Glioblastoma is the most aggressive and malignant form of glioma, a type of primary brain cancer. Surgery is often used to treat gliomas, along with radiation. However, since surgery and radiation fail to cure the disease, doctors may turn to additional radiation or chemotherapy. In early stages glioblastoma tumors often grow without symptoms and therefore can become quite large before symptoms arise. When the tumor becomes symptomatic, tumor growth is usually very rapid and is accompanied by altered brain function, and if left untreated the disease becomes lethal. Although primary treatment is often successful in temporarily stopping the progression of the tumor, glioblastomas almost always recur and become lethal.
The blood-brain barrier is a specialized network of vascular and brain cells that acts as the brain's security system, helping to safeguard the brain and regulate the flow of substances into and out of it.
Glioblastoma brain tumors can have an unusual effect on the body's immune system, often causing a dramatic drop in the number of circulating T-cells that help drive the body's defenses.
In the first such clinical trial in the United States, physician-scientists with the University of Maryland School of Medicine are investigating the use of MRI-guided focused ultrasound to open the blood-brain barrier.
A new study by KAIST researchers identified where the mutation causing glioblastoma starts. According to the study, neural stem cells away from the tumor mass are the cells of origin that contain mutation drivers for glioblastoma, one of the most aggressive brain tumor
In a "proof of concept" study, scientists at Johns Hopkins Medicine say they have successfully delivered nano-size packets of genetic code called microRNAs to treat human brain tumors implanted in mice.
Researchers from the University of North Carolina Lineberger Comprehensive Cancer Center have discovered how different mutations in a specific gene help drive glioblastoma, the most lethal form of brain cancer.
A drug used to treat altitude sickness -- as well as glaucoma, epilepsy, heart failure and seizures -- may also offer significant gains for patients with a fast-growing brain tumor known as glioblastoma, according to a study published July 4, 2018, in the journal Science Translational Medicine.
A Ludwig Cancer Research study explains why a particular mutation in the epidermal growth factor receptor, a cell surface protein, results in more aggressive tumors and poorer overall survival of patients diagnosed with the brain cancer glioblastoma multiforme.
Interstitial fluid transports nutrients and removes waste between the organs and tissues in our body. In the brain, interstitial fluid is thought to be composed of circulating cerebrospinal fluid, cellular waste and blood plasma, and past research has shown a link between interstitial fluid flow and an increased invasion rate of glioblastoma, or brain tumor, cells.
A viral immunotherapy using a herpes virus to treat brain tumors has been shown to be safe and well-tolerated in a pediatric study from the University of Alabama at Birmingham and Children's of Alabama.
The California Institute for Regenerative Medicine board has awarded City of Hope $3.7 million to develop a phase 1 clinical trial for glioblastoma patients that will genetically engineer their stem cells to better tolerate chemotherapy's side effects, allowing them to receive higher doses of the therapy.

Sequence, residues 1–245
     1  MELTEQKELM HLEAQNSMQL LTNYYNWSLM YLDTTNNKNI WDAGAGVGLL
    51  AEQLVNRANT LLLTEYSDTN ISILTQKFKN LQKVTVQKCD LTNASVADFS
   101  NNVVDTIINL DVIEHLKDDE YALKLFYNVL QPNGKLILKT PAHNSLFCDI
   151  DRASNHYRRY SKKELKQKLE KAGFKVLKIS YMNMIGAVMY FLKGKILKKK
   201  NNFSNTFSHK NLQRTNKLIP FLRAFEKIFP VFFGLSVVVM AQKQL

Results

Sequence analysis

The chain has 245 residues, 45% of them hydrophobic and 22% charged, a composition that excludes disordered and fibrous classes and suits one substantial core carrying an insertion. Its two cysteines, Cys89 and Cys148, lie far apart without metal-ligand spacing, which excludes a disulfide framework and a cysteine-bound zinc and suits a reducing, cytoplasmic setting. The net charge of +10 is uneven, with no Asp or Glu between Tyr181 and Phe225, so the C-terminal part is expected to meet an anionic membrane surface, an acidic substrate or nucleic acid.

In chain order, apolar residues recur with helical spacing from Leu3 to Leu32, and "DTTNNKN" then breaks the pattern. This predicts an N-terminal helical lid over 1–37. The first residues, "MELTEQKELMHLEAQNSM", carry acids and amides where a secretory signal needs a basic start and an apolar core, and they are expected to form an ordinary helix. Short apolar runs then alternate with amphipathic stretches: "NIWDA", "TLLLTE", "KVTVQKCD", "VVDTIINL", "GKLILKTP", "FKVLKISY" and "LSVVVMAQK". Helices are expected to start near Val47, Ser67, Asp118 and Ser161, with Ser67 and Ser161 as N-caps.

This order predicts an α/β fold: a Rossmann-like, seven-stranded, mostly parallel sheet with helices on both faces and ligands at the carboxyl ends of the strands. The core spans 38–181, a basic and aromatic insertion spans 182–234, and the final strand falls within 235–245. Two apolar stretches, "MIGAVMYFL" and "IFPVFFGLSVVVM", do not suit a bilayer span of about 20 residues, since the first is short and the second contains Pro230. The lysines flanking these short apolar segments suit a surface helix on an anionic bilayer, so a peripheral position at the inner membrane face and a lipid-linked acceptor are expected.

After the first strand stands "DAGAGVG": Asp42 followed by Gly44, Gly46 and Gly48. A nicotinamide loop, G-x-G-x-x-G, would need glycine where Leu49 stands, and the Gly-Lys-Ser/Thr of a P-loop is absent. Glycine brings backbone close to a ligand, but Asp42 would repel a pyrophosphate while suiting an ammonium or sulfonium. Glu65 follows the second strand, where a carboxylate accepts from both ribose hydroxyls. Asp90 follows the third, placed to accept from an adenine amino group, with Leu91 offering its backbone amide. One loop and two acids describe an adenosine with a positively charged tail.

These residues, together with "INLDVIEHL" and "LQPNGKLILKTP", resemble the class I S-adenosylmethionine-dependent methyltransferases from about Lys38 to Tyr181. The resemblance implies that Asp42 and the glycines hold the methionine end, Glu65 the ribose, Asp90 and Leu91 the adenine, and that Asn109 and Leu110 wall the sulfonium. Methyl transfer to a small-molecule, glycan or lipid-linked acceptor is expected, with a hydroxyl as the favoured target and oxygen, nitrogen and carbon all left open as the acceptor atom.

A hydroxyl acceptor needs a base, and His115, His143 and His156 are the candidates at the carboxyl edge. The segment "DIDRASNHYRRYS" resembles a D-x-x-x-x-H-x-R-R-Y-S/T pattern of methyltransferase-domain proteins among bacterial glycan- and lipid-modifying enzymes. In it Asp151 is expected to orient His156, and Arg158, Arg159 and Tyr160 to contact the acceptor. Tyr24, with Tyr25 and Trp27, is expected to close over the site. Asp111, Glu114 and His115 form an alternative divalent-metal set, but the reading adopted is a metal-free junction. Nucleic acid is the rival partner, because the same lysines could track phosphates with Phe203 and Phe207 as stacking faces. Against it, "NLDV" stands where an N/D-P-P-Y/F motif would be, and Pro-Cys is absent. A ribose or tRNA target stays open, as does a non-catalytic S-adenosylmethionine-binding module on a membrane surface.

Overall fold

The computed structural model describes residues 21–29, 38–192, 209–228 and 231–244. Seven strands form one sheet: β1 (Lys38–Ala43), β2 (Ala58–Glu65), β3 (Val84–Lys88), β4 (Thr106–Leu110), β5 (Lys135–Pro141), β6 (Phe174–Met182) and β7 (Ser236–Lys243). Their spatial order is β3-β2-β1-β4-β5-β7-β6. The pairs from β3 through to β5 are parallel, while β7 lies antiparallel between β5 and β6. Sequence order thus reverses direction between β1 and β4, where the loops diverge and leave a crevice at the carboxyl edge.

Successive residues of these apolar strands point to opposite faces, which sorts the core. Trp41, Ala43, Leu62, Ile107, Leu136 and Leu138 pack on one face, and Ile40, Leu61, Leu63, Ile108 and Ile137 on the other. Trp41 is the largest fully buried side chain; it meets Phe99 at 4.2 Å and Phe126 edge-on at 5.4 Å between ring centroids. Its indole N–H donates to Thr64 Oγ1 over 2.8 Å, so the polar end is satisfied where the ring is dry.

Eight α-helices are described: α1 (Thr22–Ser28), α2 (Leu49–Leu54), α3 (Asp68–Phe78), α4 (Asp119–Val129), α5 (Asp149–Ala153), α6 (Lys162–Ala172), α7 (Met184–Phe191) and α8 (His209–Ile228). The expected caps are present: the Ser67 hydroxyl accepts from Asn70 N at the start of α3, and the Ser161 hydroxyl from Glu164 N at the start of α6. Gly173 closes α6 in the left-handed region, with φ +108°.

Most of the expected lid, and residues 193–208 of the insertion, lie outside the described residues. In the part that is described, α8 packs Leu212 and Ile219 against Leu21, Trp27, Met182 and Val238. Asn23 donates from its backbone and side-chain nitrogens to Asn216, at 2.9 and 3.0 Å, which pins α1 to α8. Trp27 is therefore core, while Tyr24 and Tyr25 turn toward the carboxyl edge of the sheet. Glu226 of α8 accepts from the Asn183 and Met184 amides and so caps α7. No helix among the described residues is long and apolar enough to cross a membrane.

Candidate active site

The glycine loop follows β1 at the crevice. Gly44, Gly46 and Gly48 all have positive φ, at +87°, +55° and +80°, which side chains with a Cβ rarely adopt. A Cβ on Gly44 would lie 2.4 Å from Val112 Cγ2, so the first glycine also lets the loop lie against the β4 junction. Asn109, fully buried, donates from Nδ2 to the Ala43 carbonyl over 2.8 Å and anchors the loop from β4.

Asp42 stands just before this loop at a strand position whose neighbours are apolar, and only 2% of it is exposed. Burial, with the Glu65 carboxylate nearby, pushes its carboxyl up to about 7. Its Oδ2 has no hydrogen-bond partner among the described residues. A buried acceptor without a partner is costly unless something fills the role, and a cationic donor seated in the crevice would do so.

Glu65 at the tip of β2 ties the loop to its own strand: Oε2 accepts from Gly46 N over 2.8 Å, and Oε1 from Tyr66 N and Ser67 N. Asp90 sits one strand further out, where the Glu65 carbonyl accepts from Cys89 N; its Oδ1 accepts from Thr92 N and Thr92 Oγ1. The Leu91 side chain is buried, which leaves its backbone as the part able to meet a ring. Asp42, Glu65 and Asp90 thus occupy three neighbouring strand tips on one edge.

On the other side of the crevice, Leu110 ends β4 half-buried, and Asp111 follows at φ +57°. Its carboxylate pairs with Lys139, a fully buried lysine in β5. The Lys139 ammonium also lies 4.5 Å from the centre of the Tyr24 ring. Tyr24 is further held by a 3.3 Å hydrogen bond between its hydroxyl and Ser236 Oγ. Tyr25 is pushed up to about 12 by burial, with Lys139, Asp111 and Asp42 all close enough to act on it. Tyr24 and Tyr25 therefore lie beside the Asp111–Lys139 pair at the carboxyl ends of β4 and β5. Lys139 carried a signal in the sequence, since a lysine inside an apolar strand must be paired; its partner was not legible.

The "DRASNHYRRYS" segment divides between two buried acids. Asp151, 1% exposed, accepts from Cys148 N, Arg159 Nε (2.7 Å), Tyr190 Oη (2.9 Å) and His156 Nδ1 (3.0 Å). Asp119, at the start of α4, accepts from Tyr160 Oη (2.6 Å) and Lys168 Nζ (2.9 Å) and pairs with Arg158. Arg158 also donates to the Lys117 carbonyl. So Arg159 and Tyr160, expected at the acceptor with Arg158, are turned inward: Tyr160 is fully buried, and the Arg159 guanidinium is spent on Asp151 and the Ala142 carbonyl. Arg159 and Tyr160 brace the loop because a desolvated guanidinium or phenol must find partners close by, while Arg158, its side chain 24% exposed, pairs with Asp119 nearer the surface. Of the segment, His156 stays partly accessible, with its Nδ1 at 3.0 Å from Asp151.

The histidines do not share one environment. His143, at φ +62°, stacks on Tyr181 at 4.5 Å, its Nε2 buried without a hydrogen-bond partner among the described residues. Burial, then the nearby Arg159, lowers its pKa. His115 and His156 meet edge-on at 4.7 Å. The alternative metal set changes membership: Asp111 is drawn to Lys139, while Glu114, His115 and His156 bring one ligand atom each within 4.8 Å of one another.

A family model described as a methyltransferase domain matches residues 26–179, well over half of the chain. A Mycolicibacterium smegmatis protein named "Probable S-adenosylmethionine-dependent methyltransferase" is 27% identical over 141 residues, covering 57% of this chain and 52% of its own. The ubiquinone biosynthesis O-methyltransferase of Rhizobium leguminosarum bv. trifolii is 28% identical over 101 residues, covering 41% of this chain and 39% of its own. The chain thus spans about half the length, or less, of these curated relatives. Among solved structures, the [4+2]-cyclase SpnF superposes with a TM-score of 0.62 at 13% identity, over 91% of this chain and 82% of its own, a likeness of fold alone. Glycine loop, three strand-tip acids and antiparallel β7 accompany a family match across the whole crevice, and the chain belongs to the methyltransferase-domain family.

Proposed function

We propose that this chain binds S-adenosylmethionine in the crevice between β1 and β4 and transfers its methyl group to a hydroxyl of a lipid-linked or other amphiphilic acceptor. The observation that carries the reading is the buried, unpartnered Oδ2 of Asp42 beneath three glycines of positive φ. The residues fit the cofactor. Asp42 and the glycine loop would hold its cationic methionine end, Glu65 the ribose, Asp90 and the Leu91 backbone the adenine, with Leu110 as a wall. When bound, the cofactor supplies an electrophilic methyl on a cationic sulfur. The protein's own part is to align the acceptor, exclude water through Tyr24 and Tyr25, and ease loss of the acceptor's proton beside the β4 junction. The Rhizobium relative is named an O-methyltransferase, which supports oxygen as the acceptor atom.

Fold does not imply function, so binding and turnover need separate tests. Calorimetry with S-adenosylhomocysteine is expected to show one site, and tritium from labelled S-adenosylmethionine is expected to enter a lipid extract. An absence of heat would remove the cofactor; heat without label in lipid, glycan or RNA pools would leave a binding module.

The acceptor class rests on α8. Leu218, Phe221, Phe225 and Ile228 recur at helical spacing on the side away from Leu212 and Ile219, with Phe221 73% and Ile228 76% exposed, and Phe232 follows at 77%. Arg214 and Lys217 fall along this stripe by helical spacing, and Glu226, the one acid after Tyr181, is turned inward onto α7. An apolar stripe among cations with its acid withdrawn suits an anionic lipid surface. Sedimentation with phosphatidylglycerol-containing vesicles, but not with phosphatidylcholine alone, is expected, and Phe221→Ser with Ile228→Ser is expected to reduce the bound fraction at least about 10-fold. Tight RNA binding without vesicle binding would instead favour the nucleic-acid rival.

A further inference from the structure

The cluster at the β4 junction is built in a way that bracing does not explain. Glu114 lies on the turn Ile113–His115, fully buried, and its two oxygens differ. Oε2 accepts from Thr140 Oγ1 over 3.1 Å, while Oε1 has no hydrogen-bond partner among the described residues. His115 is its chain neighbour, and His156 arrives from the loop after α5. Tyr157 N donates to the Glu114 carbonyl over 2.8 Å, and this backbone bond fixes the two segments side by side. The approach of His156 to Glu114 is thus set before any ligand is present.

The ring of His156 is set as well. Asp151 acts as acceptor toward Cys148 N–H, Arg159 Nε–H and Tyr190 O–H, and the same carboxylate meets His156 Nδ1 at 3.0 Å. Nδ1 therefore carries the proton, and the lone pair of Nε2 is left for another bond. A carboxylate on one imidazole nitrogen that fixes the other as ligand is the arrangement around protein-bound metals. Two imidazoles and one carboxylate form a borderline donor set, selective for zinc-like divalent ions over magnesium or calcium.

Glioma is the most common type of primary malignant brain tumor in the United States; glioblastoma being the most common type of glioma in adults.
A DNA-level biomarker (MGMT promoter methylation) can be used to help predict survival outcomes in patients with high-risk, low-grade gliomas, according to a new study conducted through the NRG Oncology/RTOG collaborative clinical trials group and led by scientists at The Ohio State University Comprehensive Cancer Center - Arthur G. James Cancer Hospital and Richard J. Solove Research Institute.
Salk Institute scientists Ronald Evans, Diana Hargreaves, Tony Hunter, Graham McVicker and Geoffrey Wahl are among the first wave of researchers to receive funding from Padres Pedal the Cause, one of one of the largest stand-alone cancer fundraising events in San Diego.
According to researchers genetically altered poliovirus strains could help some patients of brain cancer. A team of researchers from Duke University in Durham, North Carolina, used modified polio virus strains in small groups of patients who had glioblastoma – a particularly deadly form of brain cancer. In these patients standard treatments have failed say the researchers and this novel therapy could help.
A genetically modified poliovirus therapy developed at Duke Cancer Institute shows significantly improved long-term survival for patients with recurrent glioblastoma, with a three-year survival rate of 21 percent in a phase 1 clinical trial.
A new molecular imaging method can monitor the success of gene therapy in all areas of the brain, potentially allowing physicians to more effectively tackle brain conditions such as Parkinson's disease, Alzheimer's disease and multiple sclerosis.
A surprising form of cell-to-cell communication in glioblastoma promotes global changes in recipient cells, including aggressiveness, motility, and resistance to radiation or chemotherapy.
Researchers at Columbia University Irving Medical Center have developed a highly innovative computational framework that can support personalized cancer treatment by matching individual tumors with the drugs or drug combinations that are most likely to kill them.
Scientists report finding a potentially promising treatment target for aggressive and deadly high-grade brain cancers like glioblastoma. But they also say the current lack of a drug that hits the molecular target keeps it from being advanced for testing as a therapeutic strategy for patients with few treatment options.